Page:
On Tuesday, November 5, the Hadi government signed a power-sharing agreement with southern separatists in Riyadh. The separatists and Hadi-led Yemen Government are backed by the Saudi-led coalition in Yemen, specifically by the United Arab Emirates. Infighting between them further fractured the civil war in August when the separatists seized Aden from Saudi-led forces. It is unclear what is stipulated in the agreement and what its impact may have on the Houthi forces the Saudi-led coalition has been fighting over the past several years.
Atlantic Council experts react
Kirsten Fontenrose is Director of the Scowcroft Middle East Security Initiative at the Atlantic Council
This agreement gets us back to baseline. Now the focus can return to negotiating a political way forward for Yemen. The value in this agreement is the precedent it sets for productive negotiation and compromise. Let’s hope all parties in the conflict are willing to adopt this model.
Nabeel Khoury is nonresident senior fellow at the Atlantic Council’s Rafik Hariri Center for the Middle East.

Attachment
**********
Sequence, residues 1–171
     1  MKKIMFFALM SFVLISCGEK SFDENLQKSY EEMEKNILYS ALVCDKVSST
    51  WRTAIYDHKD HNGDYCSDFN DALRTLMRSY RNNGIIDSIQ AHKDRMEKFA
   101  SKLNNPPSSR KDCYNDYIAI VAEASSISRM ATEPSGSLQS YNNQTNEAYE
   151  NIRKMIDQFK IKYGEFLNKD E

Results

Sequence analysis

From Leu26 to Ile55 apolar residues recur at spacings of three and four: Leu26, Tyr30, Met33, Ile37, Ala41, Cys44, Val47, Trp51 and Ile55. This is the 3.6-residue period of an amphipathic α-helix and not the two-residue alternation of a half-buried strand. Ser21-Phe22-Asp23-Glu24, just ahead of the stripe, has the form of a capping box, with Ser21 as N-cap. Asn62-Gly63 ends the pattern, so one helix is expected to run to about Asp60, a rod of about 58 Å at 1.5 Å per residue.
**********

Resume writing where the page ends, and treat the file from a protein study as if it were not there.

This is a partial agreement right now, concerning mainly the western part of southern Yemen. The main difficulty will be the merger of two military forces that don’t necessarily want to be united.
If the intentions of the Arab coalition are genuine, i.e. to help Yemen find peace, then many tough diplomatic challenges lie ahead. They have to unite the south on the basis of peace with the Houthis, and the latter have not been consulted yet. If the intention is to continue to dominate the south by the Saudis and the Emiratis, then some very tough battles lie ahead within the south and the north.
Frederic C. Hof is a distinguished fellow at the Atlantic Council’s Rafik Hariri Center for the Middle East.
Any intra-Yemeni power-sharing agreement that reduces the number of aggrieved parties is welcome. Good faith implementation, however, is everything. This humanitarian abomination must end, and it must end on strictly Yemeni terms if agreements such as the one just announced are to be sustained.
Wed, Oct 16, 2019
While Saudi Arabia came into Yemen very sensitive of the regional Iranian challenge and Houthi threat, its war strategy and foreign policy lacks any awareness of the looming and ongoing environmental and humanitarian war that will affect the overall outcome of the peace in Yemen.
Tue, Nov 20, 2018
With the high and ever-growing civilian death toll of Yemen’s civil war, the acute need for peace contrasts sharply with the sparse hopes of a peace process. After months of delays, the government and rebel forces announced on November 19 their intentions to temporarily freeze military operations and convene for negotiations in Sweden. The success of these talks will depend on whether the parties can effectively apply the lessons of past peace talks to structure a new peace process for Yemen.